Saturday, September 19, 2020

"Saint Janaro's Day?" I Say "YES"!

Happy "Janaro Family Feast Day"! Buona Festa di San Gennaro!
Today is the Feast Day of the Great Ancestor of the Janaro Clan, the original Saint Januarius, fourth century bishop and martyr in what is today south-central Italy.

That's our paese, at least for the Janaro part of the family. My great-grandfather came over from there to New York in the late 19th century.

He arrived a bit prior to the stampede of Italian immigrants who poured into the USA, Argentina, and Uruguay around the the turn of the 20th century. His name was Pasquale Janaro, and an Italian friend once told me that such a name could only come from within a stretch of 50 kilometers around the greater Neapolitan area. So I'm sure Saint Januarius must, somehow, be related to us, what with the "Benevento" and "Naples" regional traditions and all (umm, I'm gonna resist the temptation to say something cheesy like "his BLOOD moves through our veins," no, no jokes like that😉).  
But there must be some connection, because "Janaro" (including the "J") is a variant in old Neapolitan dialect of "Januarius." Both of which are derived from the mythical Roman god "Janus," the "guardian of the gateways" and all places where people come in and go out (note that "January" is the first month, the end of one year and the beginning of another).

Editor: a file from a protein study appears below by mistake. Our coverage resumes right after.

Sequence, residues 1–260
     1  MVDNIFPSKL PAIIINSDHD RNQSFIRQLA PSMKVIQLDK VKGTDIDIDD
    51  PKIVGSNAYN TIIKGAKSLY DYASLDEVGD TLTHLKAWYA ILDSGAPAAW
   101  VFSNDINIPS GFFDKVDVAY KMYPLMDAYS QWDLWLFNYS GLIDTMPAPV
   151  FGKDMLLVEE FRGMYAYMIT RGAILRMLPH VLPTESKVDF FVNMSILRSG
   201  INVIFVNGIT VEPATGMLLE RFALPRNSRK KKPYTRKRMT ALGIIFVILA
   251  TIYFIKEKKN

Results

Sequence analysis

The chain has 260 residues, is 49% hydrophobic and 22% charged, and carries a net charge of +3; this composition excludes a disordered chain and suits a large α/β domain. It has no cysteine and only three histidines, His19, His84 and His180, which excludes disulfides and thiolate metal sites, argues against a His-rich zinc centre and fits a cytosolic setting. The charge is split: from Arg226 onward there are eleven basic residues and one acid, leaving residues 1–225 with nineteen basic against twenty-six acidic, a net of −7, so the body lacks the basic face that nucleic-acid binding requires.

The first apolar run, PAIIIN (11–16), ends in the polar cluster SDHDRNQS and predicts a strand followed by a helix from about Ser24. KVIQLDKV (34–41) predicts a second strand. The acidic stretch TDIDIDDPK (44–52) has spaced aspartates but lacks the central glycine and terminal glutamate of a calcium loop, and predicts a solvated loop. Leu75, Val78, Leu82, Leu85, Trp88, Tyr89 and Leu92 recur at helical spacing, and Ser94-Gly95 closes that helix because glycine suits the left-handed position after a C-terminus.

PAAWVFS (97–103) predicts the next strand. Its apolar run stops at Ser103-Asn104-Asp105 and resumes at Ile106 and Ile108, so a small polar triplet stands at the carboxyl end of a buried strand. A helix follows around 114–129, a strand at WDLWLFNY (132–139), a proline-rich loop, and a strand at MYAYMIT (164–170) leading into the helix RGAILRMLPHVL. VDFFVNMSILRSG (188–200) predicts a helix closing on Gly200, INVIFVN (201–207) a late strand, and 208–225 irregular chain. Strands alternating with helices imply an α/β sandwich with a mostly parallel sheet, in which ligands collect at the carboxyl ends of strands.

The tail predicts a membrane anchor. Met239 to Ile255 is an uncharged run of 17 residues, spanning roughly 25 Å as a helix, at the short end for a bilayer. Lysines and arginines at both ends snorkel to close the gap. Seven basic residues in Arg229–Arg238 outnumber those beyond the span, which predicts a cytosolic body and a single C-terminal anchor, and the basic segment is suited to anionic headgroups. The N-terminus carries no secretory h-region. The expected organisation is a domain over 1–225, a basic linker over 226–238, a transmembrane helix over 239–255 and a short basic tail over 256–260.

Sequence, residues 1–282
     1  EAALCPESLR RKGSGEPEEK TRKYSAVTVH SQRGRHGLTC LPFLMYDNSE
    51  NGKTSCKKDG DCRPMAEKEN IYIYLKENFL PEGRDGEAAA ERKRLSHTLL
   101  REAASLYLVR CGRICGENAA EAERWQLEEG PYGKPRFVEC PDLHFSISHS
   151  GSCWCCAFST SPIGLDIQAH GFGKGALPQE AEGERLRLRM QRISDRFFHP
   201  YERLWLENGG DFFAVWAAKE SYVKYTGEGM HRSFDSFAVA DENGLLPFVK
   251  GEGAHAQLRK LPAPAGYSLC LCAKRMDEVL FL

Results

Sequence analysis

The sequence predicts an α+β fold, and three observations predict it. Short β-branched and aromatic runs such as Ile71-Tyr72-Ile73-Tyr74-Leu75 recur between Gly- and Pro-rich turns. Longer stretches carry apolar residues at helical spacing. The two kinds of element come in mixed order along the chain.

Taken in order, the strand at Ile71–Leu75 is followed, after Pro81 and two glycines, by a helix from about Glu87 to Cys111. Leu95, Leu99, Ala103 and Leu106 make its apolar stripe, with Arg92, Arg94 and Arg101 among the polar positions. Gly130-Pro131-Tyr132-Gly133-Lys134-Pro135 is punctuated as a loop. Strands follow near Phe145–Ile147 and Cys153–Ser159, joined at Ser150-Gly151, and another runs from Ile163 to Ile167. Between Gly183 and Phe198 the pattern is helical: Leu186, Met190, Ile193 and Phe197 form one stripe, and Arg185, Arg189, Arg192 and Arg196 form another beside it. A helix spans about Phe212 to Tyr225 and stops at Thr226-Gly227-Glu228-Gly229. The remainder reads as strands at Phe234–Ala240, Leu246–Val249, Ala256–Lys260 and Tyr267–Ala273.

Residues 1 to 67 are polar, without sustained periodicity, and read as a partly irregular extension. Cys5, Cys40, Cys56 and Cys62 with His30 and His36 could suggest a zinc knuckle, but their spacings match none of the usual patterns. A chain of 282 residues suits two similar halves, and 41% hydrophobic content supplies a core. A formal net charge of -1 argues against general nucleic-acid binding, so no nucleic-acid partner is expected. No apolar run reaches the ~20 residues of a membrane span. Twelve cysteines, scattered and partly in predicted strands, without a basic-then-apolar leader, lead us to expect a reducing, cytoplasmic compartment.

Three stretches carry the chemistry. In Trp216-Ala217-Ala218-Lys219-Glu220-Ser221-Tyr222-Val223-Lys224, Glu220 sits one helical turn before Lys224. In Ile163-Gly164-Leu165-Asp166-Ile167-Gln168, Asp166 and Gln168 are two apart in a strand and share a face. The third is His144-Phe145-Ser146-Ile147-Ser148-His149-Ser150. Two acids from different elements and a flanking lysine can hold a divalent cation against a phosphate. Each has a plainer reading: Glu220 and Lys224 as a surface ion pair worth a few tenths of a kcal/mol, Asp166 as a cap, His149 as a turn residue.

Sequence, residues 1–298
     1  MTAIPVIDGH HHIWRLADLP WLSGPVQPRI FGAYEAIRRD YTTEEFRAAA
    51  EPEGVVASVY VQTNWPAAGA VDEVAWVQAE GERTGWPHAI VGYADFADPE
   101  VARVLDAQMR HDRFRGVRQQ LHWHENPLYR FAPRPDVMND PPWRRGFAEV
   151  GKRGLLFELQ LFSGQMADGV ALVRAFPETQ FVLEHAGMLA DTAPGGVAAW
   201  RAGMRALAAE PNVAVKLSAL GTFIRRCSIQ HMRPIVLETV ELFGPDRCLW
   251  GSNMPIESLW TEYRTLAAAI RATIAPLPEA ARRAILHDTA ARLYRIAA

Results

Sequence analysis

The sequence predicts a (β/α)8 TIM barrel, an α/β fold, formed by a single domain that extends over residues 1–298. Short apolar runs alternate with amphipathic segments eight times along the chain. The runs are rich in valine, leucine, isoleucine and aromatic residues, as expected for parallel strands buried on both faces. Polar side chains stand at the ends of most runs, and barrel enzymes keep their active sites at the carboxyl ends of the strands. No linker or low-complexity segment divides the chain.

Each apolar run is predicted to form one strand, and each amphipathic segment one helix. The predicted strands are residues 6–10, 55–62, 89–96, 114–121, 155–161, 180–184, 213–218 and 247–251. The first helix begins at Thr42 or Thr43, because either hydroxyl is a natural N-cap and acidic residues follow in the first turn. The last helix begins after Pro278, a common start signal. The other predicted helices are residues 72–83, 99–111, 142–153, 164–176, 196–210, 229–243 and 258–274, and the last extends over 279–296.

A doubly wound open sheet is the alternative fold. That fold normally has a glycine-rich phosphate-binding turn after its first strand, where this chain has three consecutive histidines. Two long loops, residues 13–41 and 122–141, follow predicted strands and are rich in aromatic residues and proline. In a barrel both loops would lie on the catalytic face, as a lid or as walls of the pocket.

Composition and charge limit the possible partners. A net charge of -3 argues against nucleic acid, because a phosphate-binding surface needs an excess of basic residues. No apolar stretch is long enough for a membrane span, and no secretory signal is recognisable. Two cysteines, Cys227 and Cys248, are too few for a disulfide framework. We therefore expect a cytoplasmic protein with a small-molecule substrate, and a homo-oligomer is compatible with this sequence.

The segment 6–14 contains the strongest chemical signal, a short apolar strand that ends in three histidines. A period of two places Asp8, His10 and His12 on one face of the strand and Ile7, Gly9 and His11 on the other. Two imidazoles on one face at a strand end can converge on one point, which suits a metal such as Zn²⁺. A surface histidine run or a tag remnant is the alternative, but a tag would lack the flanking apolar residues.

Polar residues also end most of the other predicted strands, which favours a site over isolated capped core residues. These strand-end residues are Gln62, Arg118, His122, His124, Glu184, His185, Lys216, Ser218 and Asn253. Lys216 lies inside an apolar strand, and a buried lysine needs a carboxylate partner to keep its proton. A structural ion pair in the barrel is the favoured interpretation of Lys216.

Thus I hypothesize... I don't have tons of authority to back up these fancy claims. But this is a family story. It's meant to widen the eyes of children (and at this point, as God wills) grandchildren, and help convey to them a sense of kinship with their distant cousins in that beautiful and crazy city on the glittering blue Mediterranean sea. And of course to have a patron saint for the whole family.

So scholars, do me a favor: don't screw this up for me, please?

In any case, according to Legend (and I should know, because I made up the legend) today's ancient bishop and martyr is the patron saint of the Janaros.